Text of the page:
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Saving Money

Buying and Operating a Used Aircraft

Let’s face it—flying isn’t cheap. Not only do you have to buy the airplane you want, but you need to tie it down someplace, put fuel and oil in it, insure it, and maintain it. There are methods available to defray some of the costs of ownership, though; let’s explore some of the ways that you can have the airplane of your dreams and still afford to go fly it!

A lower purchase price doesn’t always equal savings

When you are considering buying a used aircraft, the first cost that comes to mind is the biggest number of them all: the purchase price. When you are searching through the used airplane listings, the polar opposites will stand out; aircraft of the same type that look alike in the photographs can vary wildly in price. What accounts for the price differential? Can you ever go wrong by buying the cheaper airplane?

Well, buying the lowest priced used aircraft can end up costing you more—much more—down the road. Aircraft with “too good to be true” prices tend to be just that. When you are shopping for a used airplane, you’d be wise to look at the actual purchase price as simply an indicator of initial cost. The smart way to shop is to carefully examine the airplane’s condition, then price out the total cost of ownership for the length of time that you plan on owning the aircraft.

Say you are in the market for a Cessna 182, and you’ve found two nice looking examples. One aircraft is listed at $115,900. The other is listed at $89,000. That’s a no brainer, right?

Well, not so fast. There is probably a reason that the other aircraft is cheaper. It turns out that it is less than 500 hours away from the engine’s TBO, it’s been kept outdoors, is five years older, and has a little bit of light hanger rash that will have to be dealt with. That engine overhaul could cost you $20,000 or more, and who knows what the dents in the airframe will cost to fix. The point is this: Decide on a budget, bring your list of needs and desires in line with that budget, then go out and pay for the best used airplane you can find that meets those needs. The money you “save” buying a less optimal aircraft may end up costing you many times the savings in maintenance costs down the road.

The place to save money is in making sure that you’ve bought a well maintained used aircraft that is suitable to your needs, not in the bottom line purchase price.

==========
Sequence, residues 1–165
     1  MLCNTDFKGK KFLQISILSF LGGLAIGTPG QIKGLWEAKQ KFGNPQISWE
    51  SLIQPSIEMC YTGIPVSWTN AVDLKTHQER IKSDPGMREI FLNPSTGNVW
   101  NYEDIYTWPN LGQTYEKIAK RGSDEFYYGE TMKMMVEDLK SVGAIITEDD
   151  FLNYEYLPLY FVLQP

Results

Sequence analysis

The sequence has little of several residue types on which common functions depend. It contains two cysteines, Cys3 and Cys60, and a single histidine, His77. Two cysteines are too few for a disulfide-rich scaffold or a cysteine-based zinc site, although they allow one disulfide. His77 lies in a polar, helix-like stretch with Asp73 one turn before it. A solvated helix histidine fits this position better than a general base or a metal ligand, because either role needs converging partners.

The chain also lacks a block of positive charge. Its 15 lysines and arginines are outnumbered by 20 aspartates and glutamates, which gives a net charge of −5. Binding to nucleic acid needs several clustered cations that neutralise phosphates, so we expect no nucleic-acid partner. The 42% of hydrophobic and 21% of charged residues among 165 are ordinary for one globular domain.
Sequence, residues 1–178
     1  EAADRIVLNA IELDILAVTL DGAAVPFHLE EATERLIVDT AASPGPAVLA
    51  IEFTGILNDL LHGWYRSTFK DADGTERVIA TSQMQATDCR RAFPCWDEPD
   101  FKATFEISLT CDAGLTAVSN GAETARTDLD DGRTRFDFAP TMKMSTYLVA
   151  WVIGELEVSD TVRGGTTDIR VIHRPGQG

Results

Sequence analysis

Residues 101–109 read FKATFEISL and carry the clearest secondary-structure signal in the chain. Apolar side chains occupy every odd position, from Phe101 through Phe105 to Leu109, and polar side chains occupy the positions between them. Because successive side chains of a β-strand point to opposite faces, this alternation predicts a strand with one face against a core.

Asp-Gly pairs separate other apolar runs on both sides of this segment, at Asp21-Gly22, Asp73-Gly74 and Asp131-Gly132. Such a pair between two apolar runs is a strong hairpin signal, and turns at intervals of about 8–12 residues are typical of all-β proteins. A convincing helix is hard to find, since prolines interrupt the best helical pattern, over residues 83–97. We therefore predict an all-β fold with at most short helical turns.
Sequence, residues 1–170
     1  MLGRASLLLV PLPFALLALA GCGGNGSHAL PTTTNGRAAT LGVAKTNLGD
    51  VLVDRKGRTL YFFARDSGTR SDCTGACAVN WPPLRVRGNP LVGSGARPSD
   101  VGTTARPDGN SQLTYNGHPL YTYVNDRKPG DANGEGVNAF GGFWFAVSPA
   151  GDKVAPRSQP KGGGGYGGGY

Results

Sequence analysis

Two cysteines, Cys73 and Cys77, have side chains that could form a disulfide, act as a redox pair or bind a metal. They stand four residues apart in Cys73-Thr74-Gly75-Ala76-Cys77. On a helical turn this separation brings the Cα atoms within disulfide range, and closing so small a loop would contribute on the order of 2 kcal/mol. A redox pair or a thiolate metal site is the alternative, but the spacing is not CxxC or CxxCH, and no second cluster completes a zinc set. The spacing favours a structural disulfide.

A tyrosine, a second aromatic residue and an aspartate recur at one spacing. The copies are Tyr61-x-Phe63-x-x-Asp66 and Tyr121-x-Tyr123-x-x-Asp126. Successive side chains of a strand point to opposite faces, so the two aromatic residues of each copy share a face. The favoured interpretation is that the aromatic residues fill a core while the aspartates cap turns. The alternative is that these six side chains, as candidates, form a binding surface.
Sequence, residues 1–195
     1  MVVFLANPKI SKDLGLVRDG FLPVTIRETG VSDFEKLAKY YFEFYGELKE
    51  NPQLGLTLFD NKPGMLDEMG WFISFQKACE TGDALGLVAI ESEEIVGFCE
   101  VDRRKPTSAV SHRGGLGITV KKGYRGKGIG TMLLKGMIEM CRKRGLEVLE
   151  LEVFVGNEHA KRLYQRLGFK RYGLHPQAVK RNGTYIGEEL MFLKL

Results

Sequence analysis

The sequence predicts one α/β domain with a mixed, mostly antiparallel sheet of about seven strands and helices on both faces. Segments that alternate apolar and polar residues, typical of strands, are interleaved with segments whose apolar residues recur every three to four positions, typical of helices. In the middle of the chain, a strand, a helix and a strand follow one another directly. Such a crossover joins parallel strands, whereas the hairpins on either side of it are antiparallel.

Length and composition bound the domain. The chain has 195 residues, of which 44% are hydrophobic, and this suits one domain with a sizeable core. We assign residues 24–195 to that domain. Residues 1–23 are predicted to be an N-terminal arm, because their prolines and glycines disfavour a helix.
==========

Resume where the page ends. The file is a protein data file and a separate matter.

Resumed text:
Consider the type of airplane, too

Insuring your used aircraft is a fact of life—you can’t avoid it. Some aircraft cost considerably more to insure than others, so make sure you have an understanding of what the rates will be for your airplane before you sign on the dotted line. A non-complex light single engine aircraft will be the cheapest to insure, sometimes less than $500 per year. The cost goes up exponentially as you add things like retractable landing gear, floats, big engines, or controllable pitch propellers. You may love the idea of cruising around the patch in a classic taildragger, but understand that your insurance premiums will reflect the higher statistical risk associated with non-tricycle gear airplanes. So, if flying on the cheap is your goal, going with the least complex aircraft that is suitable to your average mission will keep a little more money in your bank account.

Shopping around for insurance rates helps too. For light airplanes, you’ll want to find a broker that will solicit quotes from a few different companies—often the proposed premium rates can cover a wide range. If you are looking at turbine powered used aircraft, you’ll really want to engage the services of an insurance broker; they can make sure that your coverage and your rates fit the needs of your individual operation. The only thing more expensive than an exorbitantly priced policy is a policy that doesn’t cover what you need it to if you have to use it.

Saving on Fuel

Once you start operating your used airplane you’ll have to put fuel in it. If you fly a lot, that can add up to some pretty eye popping fuel bills. There are some things you can do to cut down on the cost of the gas and the amount you use that can make a real difference.